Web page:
Cooper is best playing jerks.
He has always looked like a jerk, and he's totally believable as the imperious Jones.
One of my favourite scenes is where he scolds his underlings after they blow their big opening night.
With his cruel, vulpine eyes and his wide, predatory mouth, he really sells the snarling and snapping.
I've been on both sides of such encounters, I really enjoy the crackle of energy.
When people are passionate about their work, they can go a bit psycho.
In my opinion, this is how great work often gets done.
One gets the sense that the same exacting standards were applied to the film itself.
Intense, insightful and fast-moving, Burnt is a well-wrought picture.
I'm not a big fan of director Wells - I truly hated his 2013 family drama August: Osage County - but this veteran of film and television is obviously a total pro.
Plot is tight, characters are distinct and cinematography is unfussy.
I bought in to the narrative completely. By the end I was practically praying for Cooper's hateful chef to come out tops.
Maybe I was won over by that scene where he bakes a birthday cake for a little girl.
Manipulative? Yes, but that's okay. Sucker that I am, I was touched.
The question that really bugs me is this: Are chefs really that arrogant?
It seems like a foregone conclusion as everyone accepts Jones' unsavoury trait simply because "he's a chef".
When was shucking oysters considered hard labour and penance for the lives and businesses he ruined?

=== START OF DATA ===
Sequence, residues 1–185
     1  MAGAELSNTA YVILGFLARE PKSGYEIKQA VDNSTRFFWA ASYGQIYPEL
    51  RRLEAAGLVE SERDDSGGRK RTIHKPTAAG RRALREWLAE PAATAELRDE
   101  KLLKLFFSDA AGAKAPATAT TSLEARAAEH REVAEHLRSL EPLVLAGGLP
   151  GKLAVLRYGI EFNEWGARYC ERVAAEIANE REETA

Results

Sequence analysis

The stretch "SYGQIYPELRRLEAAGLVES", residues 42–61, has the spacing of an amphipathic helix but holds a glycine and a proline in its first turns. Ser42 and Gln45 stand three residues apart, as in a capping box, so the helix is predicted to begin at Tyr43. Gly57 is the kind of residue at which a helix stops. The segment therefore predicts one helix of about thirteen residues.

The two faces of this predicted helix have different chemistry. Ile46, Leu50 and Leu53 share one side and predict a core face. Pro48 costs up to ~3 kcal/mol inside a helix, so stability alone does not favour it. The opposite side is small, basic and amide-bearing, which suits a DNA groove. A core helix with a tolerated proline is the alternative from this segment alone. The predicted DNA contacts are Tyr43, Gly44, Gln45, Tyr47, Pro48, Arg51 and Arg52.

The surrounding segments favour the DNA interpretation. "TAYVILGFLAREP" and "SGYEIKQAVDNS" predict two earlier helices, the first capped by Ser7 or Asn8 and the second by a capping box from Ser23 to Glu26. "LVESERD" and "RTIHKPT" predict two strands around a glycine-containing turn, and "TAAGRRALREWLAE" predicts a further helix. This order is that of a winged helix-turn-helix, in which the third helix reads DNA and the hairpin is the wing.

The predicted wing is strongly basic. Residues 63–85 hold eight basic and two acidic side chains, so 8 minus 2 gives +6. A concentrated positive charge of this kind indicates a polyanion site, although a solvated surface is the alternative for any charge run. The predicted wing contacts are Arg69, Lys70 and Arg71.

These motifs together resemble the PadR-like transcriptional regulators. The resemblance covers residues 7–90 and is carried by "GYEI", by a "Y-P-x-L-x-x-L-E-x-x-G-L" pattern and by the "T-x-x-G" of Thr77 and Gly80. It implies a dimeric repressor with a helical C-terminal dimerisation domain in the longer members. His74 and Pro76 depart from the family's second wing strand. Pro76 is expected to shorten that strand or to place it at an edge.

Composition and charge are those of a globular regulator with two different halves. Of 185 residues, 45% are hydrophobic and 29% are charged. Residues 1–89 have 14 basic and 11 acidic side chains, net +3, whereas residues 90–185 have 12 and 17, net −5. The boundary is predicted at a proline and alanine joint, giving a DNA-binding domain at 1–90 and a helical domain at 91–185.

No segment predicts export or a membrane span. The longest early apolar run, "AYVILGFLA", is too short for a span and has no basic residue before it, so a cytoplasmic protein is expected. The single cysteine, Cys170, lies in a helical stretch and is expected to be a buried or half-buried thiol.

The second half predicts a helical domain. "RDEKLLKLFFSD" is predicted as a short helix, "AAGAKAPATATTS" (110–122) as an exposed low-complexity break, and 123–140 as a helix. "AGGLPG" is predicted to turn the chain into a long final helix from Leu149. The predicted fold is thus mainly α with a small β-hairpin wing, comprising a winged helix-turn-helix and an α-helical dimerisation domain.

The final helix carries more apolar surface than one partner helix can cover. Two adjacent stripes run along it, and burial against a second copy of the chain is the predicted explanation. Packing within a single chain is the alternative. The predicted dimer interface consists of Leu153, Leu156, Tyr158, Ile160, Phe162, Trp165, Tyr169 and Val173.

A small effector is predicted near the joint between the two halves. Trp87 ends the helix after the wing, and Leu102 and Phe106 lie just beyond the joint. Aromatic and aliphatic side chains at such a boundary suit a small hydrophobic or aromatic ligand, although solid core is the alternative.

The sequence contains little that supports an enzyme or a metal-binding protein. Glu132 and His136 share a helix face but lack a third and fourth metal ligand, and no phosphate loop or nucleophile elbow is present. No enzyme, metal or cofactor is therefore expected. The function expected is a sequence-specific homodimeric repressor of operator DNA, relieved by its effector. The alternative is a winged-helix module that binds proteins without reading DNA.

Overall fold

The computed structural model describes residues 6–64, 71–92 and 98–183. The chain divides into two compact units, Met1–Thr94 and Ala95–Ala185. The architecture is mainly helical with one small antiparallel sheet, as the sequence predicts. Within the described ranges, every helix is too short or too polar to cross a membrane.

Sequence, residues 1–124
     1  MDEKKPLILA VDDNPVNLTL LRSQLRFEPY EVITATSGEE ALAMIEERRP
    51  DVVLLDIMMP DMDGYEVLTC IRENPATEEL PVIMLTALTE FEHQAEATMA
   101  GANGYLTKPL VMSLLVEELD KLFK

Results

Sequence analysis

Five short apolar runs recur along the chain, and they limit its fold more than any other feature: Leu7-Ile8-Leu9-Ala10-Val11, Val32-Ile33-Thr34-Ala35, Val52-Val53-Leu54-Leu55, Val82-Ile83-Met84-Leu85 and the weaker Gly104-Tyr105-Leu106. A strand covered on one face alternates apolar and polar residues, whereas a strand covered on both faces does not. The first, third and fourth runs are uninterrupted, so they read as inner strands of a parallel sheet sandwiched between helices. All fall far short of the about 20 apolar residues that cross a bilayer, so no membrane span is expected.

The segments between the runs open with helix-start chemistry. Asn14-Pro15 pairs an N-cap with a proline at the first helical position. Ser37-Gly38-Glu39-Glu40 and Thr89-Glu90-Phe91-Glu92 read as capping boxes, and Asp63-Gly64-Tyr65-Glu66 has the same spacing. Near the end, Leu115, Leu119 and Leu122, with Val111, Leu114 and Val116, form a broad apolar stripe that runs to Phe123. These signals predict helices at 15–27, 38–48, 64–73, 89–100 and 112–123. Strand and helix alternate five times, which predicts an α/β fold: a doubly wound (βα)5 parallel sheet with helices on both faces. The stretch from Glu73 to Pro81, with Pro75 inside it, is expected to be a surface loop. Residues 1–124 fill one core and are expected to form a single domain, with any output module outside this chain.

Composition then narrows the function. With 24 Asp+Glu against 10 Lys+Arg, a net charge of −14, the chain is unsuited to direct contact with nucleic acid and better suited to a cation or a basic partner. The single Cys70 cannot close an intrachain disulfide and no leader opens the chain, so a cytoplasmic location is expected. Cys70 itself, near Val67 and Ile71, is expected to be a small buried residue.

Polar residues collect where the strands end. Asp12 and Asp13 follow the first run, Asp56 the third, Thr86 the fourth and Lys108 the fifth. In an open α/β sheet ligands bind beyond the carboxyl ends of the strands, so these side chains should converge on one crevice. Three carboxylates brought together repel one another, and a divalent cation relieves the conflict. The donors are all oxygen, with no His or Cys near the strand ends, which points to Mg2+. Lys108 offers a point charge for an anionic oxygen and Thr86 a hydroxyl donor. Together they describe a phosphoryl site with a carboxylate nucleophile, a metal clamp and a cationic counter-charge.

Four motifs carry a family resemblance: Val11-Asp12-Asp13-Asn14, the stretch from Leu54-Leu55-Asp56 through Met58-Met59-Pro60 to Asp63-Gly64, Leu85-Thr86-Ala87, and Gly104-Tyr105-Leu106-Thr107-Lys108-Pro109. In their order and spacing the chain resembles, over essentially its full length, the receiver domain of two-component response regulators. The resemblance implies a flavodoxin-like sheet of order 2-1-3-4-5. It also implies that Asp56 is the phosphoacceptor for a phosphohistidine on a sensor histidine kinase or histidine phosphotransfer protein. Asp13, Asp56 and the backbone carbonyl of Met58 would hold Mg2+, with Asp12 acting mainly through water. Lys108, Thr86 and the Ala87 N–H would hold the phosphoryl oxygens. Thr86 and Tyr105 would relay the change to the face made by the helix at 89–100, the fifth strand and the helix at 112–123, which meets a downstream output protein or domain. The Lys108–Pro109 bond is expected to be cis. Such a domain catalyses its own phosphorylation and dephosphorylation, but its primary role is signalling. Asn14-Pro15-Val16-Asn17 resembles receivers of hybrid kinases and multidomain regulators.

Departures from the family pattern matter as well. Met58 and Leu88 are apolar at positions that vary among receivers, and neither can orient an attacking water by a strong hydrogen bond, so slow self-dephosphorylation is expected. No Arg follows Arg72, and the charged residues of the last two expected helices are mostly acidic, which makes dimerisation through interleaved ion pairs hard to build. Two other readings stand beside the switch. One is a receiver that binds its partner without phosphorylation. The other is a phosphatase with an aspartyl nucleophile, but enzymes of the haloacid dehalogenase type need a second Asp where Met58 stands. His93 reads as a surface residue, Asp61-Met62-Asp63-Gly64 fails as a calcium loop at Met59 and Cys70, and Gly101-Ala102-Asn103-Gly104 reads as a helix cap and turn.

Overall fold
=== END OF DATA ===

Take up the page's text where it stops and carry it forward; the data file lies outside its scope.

Because he's an acclaimed chef, everyone has to kowtow to him?
Despite the food porn montages and the messages about redemption and rehabilitation, Burnt is just one egotist's quest for more fame and adulation.
It's like an episode of reality TV series Ramsay's Kitchen Nightmares, except with more star power.
Cooper looks the part - barking orders and smashing plates. But he's no Gordon Ramsay, who has more charisma and wit.
It's not all Cooper's fault.
The script is so bland, ironic for a movie that revolves around cooking the most creative food resulting in "culinary orgasm".
Why pack the film with so much talent?
Miller is impressive but merely plays the requisite love interest. Same goes for Vikander, who is relegated to the pretty ex-girlfriend, while Brühl has a decent part that's never fully explored.
They are like garnishes - upping the visual impact but not quite adding to the dish.
STARRING: Bradley Cooper, Sienna Miller, Daniel Brühl, Emma Thompson, Alicia Vikander
DIRECTOR: John Wells
THE SKINNY: Adam Jones (Cooper) is a two-star Michelin chef who loses it all after becoming a drug-addicted diva. After cleaning up his act, he tries to mend bridges, reclaim his reputation and seek that elusive third star with the help of his long-suffering friend Tony (Brühl) and protege Helene (Miller).
THE CONSENSUS: Guys will devour what Burnt is serving, but it may not go down as well with the female palate.
This article was first published on October 28, 2015.
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